COVID-19 Front Line Workers Need Child-Care Providers

Manitoba Post StaffNews

WINNIPEG – The province is calling on all child- care providers to help the heroes who are on the front line during the COVID-19 pandemic, Minister Heather Stefanson said Thursday.

The Manitoba government wants to thank all child-care providers that have stepped up to provide care to the children of health-care and other emergency services workers.

“The early childhood educators and child-care centres that have stepped up to provide child care to health-care and other emergency services workers are truly heroes helping heroes, and I want to thank them for stepping up during this difficult time,” said Stefanson. “There are still health-care and other emergency services workers who need child care, and today I want to call on child-care providers throughout our province to help those workers as they provide needed services during this pandemic.”

As of March 31, more than 1,200 children of health-care and other emergency services workers have been matched with an available space. To support centres so they can re-open during this critical time, the minister noted the first quarter of the provincial operating grant, amounting to nearly $30 million, started flowing to all licensed child-care centres as of April 1. Licensed child-care facilities that want to help by re-opening or continuing to have spaces available should notify the province by emailing

Last month, the government also announced new programs to expand home and community-based child care, including an $18-million grant program to help early childhood educators begin independently offering child-care services at their homes or in the community, administered by the Winnipeg and Manitoba chambers of commerce. The chambers will also offer business mentorship to early childhood educators looking to open up their homes or other locations in the community to provide child care. Early childhood educators can apply for the grant by filling out the Temporary Child Care Service Grant Form at

“It is not too late to step up and help out, whether you are operating in a child-care centre or in your own home,” said Stefanson. “Our government is providing financial support to child-care centres and early childhood educators during this difficult time, and we will continue to support the child-care sector so that we can help ensure health-care and other emergency services workers can continue working during this pandemic.”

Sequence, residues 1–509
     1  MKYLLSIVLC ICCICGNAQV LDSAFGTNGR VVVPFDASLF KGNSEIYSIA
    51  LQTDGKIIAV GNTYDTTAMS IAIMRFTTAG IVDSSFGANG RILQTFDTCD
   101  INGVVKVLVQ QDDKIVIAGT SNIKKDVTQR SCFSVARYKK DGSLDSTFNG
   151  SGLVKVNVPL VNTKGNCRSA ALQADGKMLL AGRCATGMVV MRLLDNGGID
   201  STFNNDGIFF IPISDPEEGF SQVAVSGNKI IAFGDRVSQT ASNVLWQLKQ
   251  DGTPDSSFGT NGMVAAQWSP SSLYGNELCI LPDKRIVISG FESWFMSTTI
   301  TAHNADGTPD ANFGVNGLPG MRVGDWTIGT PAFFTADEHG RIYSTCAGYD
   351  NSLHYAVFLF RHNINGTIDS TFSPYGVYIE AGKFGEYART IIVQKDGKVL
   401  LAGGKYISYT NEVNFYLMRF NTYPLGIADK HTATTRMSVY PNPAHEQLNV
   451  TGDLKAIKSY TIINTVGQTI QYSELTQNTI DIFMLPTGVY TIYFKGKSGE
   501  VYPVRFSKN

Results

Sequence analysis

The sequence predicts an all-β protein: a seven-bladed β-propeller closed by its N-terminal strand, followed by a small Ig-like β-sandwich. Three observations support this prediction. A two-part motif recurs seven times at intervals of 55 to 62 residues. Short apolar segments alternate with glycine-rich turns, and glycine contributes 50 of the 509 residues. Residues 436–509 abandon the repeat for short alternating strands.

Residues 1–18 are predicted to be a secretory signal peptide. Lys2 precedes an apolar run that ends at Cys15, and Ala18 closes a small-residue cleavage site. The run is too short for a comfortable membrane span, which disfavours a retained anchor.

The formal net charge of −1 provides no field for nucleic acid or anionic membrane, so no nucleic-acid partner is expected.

All child-care centres have also been asked by the province to reimburse parent fees if care has not been provided and to not charge parents to hold spots if they are not being used, the minister added.

Licensed child-care centres will continue to be limited to 16 spaces to support social distancing and infection prevention measures based on the advice of the chief provincial public health officer. Some larger centres with segregated rooms and separate external entrances are able to offer care for up to 16 children per room. This will continue indefinitely in alignment with the decision regarding kindergarten to Grade 12 schools.

“If you are a front-line health-care or other emergency services worker, we want to hear from you,” said Stefanson. “Staff will continue working around the clock to ensure that you can get the child care that you need so you can continue working during this pandemic, after which we will be expanding service to all critical services workers as defined by the chief provincial public health officer.”

Health-care and other emergency services workers can apply for a child-care space by filling out the request form at These parents, which include health-care providers, emergency service providers, corrections workers, law enforcement workers, fire and paramedic workers, and direct social services and child protection workers, should submit their request to be matched with a child-care spot by Wednesday, April 8, so that they can be prioritized for placement. Families that have already submitted a request do not need to complete the form again, as the province is already working to match them with an available space.

Beginning on Tuesday, April 14, all parents who work in critical services, as defined by the chief provincial public health officer, will be able to access child-care spaces available in licensed facilities. This includes support staff at hospitals and clinics, grocery store staff, farmers and farm workers, construction workers, bank or credit union employees. Parents working in these sectors who have been unable to make other child-care arrangements will be able to check which facilities have available spaces at and work directly with them to receive a spot.

The listing of critical services, as authorized under The Public Health Act, is available at